Moving north from the land of the Cochimi in central Baja; to the Apache in southern Arizona; Navajo and Hopi in the Four Corners and newly created Bear’s Ears, and over to old Comanche lands in southern Colorado before finally making north to the Arapahoe lands and home to Boulder. Home. I state the names as a way to remember the history, which is so apparent along the drive, especially from the naming of things – Huerfano Creek, the Spanish Peaks, The Ludlow Massacre, Santa Fe. Names of events and imaginations long past but easy to remember if their stories and meanings are told.
Crossing the border the day before the inauguration of the man with walls in his mind. Interesting, the wall already exists through much of that region. Well, maybe it’s a fence – a tall black fence with desert on the southern side and a mix of dune buggies, retiree’s RVs and aerial drones on the northern side.
Celia was insistent on knowing when we were “at the border”, and as we wound north from Ensenada to Tijuana she kept asking “is this the border?” I told her she would know when we were there. She asked “How?”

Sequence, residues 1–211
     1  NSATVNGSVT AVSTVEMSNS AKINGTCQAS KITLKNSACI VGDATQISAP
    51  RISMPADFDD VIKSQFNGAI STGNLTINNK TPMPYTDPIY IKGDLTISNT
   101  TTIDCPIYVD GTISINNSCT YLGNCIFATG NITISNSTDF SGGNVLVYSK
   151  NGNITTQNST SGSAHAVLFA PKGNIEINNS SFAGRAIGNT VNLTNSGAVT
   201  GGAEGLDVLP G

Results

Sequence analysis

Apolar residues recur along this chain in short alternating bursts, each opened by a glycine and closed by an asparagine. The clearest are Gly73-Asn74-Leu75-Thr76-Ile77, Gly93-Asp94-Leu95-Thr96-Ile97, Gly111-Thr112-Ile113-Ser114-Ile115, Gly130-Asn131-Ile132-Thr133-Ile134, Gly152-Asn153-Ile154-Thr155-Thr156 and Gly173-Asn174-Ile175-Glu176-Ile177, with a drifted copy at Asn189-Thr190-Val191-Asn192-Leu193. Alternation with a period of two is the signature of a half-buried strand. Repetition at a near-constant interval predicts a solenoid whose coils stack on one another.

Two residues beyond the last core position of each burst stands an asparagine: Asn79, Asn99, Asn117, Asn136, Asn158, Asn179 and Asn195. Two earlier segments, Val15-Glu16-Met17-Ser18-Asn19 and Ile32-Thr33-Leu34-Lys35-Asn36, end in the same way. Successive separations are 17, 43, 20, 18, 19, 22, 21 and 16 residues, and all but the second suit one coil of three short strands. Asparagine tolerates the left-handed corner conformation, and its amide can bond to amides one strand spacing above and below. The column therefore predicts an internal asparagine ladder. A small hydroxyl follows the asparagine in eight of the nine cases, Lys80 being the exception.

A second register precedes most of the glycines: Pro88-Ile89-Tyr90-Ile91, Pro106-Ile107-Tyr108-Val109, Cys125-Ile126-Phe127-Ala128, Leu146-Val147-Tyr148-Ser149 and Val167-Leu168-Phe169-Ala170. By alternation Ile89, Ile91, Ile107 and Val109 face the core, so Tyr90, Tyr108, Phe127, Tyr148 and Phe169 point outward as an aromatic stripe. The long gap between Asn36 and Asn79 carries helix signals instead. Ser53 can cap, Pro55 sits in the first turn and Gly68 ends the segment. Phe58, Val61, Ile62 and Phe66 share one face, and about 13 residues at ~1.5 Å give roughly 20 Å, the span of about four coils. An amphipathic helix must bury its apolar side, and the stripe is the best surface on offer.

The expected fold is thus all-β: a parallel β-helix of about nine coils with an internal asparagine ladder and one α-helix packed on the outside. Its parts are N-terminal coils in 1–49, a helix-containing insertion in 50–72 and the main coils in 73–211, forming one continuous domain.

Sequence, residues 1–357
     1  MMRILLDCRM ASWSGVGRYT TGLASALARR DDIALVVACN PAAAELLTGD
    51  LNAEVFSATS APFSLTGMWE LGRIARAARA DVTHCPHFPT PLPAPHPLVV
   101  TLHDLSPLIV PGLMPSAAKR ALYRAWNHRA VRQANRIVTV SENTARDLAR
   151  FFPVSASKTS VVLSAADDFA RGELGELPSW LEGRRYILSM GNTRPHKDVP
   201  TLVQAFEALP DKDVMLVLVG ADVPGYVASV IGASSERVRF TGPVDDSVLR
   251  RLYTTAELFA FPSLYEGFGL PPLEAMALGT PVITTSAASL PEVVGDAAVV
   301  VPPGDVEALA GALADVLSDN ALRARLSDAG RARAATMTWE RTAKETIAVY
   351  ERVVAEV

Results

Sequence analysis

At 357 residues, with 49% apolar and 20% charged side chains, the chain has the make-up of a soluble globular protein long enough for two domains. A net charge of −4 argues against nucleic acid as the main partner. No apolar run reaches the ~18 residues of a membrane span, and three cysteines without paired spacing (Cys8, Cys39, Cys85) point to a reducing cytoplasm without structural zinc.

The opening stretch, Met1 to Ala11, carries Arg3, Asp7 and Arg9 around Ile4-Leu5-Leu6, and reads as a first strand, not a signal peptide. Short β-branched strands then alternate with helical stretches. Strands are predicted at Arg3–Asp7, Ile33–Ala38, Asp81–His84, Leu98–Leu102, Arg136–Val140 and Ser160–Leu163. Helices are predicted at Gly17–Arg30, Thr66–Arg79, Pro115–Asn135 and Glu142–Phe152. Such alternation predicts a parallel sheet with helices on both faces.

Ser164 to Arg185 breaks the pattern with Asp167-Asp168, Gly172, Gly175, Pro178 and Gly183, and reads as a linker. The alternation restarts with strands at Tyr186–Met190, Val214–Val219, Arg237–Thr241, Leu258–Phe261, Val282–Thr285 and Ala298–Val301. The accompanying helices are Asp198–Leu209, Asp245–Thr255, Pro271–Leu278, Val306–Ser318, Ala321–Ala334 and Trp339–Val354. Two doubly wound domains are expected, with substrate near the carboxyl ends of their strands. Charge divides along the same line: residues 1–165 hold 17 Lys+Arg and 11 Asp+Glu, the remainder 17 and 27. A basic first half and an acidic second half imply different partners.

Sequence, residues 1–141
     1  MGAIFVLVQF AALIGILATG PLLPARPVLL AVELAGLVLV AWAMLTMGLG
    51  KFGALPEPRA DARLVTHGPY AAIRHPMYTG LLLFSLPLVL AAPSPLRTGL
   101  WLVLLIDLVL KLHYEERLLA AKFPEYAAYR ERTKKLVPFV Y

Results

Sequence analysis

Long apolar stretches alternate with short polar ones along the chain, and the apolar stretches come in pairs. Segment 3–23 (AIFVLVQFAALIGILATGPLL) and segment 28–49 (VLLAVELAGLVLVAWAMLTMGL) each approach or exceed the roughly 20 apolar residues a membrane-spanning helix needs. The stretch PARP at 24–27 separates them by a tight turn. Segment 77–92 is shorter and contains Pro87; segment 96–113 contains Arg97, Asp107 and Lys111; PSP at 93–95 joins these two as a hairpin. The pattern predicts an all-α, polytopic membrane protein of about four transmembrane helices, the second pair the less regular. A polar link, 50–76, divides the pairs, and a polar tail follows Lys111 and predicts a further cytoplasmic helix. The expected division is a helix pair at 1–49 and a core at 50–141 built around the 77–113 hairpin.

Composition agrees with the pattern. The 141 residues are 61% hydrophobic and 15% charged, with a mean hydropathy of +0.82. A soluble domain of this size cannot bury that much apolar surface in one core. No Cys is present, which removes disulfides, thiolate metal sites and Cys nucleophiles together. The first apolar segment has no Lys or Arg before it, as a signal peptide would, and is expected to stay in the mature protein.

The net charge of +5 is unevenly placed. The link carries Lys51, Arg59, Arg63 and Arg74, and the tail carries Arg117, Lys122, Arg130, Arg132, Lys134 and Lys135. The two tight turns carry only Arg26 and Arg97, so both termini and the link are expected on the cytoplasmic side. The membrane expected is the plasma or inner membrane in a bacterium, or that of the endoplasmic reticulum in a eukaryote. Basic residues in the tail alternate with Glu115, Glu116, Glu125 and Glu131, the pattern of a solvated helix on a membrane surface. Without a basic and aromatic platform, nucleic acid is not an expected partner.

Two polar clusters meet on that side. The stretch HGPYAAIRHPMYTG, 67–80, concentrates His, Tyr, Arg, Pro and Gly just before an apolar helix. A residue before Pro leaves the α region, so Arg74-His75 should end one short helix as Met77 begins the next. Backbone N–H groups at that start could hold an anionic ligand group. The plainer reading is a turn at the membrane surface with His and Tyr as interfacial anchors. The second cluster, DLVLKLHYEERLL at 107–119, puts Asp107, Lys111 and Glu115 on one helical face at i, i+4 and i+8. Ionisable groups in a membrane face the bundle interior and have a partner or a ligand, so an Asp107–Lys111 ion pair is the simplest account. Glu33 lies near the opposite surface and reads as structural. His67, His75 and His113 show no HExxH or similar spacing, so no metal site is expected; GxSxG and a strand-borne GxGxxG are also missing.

We watched the inauguration on a rainy day in San Diego at a Quality Inn and Suites. The next day we were in Phoenix in time for Shan and the kids to attend the Women’s March on Washington.
I was, unfortunately, unable to attend – pulled away by another hitch crisis. After trying to find welders or body shops to take this on on a Saturday, I decided to do some good, ol’ fashioned rigging with vice grips, webbing and c-clamps
And it worked. I made it home without, err, a hitch.